Churrasco is brazilian barbecue, and is usually served "rodizio" or "espeto corrido" all-you-can-eat. waiters carry huge cuts of meat on steel spits from table to table, and carve off slices onto your plate use the tongs to grab the meat slice and don't touch the knife edge with your silverware to avoid dulling the edge. traditionally, you are given a small wooden block colored green on one side and red on the other. when you're ready to eat, put the green side up. when you're too stuffed to even tell the waiter you've had enough, put the red side up... rodizio places have a buffet for non-meaty items; beware that in some places, the desserts are not considered part of the main buffet and are charged as a supplement. most churrasco restaurants churrascarias also serve other types of food, so it is safe to go there with a friend that is not really fond of meat. while churrascarias are usually fairly expensive places for brazilian standards in the north, central and the countryside areas of the country they tend to be much cheaper then in the south and big cities, where they are frequented even by the less affluent. black beans stew feijao ou feijoada is also very popular, particularly in rio de janeiro, where most restaurants traditionally serve the dish on saturdays. it comprises black beans cooked with pork meat accompanied by rice and farofa manioca flour with eggs and greens fried with garlic.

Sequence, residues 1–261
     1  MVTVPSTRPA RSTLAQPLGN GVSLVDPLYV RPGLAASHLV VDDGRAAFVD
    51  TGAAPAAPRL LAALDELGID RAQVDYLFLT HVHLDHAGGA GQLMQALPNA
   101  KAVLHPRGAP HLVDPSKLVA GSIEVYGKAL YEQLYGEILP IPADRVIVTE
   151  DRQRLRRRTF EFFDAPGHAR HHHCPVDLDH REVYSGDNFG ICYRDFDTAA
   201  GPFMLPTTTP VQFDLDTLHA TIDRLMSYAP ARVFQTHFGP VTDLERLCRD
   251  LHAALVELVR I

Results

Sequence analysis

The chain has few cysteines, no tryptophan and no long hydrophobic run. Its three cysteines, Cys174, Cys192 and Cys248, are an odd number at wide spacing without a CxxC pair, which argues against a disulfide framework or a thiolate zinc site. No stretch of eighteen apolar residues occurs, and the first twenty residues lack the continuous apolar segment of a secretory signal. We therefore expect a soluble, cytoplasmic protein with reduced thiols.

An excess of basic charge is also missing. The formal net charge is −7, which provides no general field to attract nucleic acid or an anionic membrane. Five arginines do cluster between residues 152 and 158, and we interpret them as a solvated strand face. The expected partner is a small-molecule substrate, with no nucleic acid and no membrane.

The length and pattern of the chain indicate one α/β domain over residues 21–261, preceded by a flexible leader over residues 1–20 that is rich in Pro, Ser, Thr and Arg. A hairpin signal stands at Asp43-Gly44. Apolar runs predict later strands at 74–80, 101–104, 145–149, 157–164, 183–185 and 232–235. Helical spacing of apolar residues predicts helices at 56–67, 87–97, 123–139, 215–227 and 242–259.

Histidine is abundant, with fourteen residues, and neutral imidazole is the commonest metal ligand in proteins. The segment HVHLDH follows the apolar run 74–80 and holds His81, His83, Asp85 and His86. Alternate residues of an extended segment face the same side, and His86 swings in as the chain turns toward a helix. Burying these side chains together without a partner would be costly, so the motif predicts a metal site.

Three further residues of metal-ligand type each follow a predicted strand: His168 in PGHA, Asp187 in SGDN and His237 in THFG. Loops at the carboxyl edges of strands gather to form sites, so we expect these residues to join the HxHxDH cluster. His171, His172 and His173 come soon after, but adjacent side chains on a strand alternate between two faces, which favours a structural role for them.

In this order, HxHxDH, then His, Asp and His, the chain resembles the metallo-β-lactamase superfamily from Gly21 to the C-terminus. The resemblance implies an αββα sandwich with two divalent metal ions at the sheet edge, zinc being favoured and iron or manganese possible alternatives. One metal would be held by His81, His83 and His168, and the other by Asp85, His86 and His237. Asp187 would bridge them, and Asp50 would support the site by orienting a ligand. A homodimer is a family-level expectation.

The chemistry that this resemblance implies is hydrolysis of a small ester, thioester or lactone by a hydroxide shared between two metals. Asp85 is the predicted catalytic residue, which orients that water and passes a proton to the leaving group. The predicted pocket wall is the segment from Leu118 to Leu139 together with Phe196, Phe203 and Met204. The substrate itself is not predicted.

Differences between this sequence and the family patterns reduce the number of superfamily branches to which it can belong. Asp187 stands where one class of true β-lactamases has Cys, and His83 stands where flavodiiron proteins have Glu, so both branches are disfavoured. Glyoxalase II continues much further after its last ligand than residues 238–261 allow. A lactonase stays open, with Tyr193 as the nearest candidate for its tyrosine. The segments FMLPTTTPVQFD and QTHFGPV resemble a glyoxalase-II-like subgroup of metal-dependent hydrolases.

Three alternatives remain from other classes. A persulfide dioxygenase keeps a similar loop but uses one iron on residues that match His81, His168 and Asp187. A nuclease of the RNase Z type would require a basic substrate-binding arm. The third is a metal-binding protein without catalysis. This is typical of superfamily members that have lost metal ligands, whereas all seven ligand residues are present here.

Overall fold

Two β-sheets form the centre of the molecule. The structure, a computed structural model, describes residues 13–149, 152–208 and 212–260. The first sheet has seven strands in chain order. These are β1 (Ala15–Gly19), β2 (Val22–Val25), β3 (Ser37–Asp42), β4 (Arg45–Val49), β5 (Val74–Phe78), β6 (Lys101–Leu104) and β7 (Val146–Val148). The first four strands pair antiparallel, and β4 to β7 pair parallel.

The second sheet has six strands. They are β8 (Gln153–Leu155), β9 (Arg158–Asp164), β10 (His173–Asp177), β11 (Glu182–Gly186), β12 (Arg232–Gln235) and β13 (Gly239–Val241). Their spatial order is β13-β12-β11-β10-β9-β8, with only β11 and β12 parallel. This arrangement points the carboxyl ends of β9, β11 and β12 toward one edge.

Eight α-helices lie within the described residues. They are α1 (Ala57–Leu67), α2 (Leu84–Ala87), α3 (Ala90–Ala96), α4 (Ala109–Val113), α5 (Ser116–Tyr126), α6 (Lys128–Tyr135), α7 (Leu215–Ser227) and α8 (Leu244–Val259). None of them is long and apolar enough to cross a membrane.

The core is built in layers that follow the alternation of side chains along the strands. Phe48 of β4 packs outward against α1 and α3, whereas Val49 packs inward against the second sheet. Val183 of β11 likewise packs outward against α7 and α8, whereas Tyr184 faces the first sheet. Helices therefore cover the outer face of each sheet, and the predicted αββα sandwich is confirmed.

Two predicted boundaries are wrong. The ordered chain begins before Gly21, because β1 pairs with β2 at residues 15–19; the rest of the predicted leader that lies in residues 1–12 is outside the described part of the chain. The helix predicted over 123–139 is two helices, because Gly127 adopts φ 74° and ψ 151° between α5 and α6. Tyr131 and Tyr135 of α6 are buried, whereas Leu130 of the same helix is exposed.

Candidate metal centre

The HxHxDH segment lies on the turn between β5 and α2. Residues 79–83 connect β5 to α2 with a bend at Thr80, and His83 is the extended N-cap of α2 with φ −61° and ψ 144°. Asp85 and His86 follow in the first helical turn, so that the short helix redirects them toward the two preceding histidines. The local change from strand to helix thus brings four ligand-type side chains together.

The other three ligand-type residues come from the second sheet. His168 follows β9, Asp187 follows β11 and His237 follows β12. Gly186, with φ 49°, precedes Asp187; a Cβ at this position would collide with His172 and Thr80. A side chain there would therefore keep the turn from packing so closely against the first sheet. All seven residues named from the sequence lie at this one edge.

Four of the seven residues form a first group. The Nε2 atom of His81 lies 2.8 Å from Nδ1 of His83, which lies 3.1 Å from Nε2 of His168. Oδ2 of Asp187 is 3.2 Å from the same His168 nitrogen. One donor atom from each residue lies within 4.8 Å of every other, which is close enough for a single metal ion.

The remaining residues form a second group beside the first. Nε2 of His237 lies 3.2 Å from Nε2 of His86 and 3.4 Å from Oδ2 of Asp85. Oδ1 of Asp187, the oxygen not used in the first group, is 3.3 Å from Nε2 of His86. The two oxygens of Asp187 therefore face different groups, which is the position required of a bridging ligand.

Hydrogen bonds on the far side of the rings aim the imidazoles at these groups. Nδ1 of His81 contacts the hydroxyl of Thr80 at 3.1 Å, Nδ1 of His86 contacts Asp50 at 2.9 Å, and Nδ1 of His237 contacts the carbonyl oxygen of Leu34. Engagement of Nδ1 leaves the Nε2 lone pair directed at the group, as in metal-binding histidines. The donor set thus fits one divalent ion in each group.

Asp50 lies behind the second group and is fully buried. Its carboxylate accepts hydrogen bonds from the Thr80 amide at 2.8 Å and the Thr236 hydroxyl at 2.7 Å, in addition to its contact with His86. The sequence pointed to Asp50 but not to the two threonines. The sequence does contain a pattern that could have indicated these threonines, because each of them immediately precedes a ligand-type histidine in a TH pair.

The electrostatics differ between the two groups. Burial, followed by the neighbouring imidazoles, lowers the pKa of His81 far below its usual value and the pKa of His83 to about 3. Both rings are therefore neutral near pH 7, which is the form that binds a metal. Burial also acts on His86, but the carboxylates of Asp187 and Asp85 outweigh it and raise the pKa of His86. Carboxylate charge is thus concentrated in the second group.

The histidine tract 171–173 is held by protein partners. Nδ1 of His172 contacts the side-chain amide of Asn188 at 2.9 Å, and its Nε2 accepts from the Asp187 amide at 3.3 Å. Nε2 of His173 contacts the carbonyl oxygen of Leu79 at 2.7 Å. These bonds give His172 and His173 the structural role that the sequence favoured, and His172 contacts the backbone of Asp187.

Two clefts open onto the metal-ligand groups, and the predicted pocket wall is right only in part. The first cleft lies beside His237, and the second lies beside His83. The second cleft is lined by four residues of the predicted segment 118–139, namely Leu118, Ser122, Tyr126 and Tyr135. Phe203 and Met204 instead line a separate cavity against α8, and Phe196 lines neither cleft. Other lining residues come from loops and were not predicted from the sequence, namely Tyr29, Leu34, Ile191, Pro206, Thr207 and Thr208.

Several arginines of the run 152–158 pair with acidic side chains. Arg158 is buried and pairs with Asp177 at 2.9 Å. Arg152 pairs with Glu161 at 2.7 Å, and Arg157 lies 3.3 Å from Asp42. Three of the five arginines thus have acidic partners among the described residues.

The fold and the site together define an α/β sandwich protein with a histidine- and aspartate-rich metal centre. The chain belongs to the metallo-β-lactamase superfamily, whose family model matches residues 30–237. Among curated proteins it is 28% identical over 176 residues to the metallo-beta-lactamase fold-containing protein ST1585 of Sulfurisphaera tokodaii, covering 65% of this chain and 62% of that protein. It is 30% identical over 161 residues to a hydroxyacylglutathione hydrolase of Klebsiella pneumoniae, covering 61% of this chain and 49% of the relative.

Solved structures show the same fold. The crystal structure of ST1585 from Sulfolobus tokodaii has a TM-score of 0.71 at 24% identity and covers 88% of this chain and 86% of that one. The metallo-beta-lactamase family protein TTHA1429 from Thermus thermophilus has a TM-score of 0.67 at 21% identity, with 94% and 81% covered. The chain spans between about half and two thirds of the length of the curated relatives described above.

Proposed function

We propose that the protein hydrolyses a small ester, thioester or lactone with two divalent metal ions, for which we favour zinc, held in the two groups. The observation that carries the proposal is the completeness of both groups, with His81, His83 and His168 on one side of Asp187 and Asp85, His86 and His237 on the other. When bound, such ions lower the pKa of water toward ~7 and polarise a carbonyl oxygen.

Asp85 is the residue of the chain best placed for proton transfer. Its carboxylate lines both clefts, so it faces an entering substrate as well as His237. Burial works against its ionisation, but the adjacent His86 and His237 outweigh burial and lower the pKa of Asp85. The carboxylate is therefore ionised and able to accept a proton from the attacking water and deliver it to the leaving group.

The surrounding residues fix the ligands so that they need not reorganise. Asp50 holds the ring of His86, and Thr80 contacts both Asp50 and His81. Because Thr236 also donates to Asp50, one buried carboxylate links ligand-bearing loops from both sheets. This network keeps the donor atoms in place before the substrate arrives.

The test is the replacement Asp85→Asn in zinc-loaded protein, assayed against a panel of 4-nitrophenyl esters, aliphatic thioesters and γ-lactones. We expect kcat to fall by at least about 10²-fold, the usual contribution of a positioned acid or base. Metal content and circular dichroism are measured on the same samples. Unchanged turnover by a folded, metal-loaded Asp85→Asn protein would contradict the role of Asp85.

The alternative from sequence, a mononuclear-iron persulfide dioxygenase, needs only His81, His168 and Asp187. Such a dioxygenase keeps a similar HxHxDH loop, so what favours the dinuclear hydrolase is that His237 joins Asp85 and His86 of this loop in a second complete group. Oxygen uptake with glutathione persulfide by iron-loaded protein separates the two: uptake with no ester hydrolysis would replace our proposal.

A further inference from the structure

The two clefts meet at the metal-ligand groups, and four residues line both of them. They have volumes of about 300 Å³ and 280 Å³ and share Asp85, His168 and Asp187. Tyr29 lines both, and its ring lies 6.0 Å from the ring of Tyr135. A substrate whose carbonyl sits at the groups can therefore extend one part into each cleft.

Is the "miner's" cuisine of minas gerais, based on pork and beans, with some vegetables. dishes from goiás are similar, but use some local ingredients such as pequi and guariroba. minas gerais cuisine if not seen as particularly tasty, has a "homely" feel that is much cherished.
The food of Bahia, on the northeast coast has its roots across the Atlantic in East Africa and Indian cuisine. Coconut, dende palm oil, hot peppers, and seafood are the prime ingredients. Tip: hot "quente" means lots of pepper, cold "frio" means less or no pepper at all. If you dare to eat it hot you should try acarajé deep fried edible black bean soup and vatapá prawn-filled roasties.
Espírito Santo and Bahia have two different versions of moqueca, a delightful tomato-based seafood stew prepared in a special type of clay pot.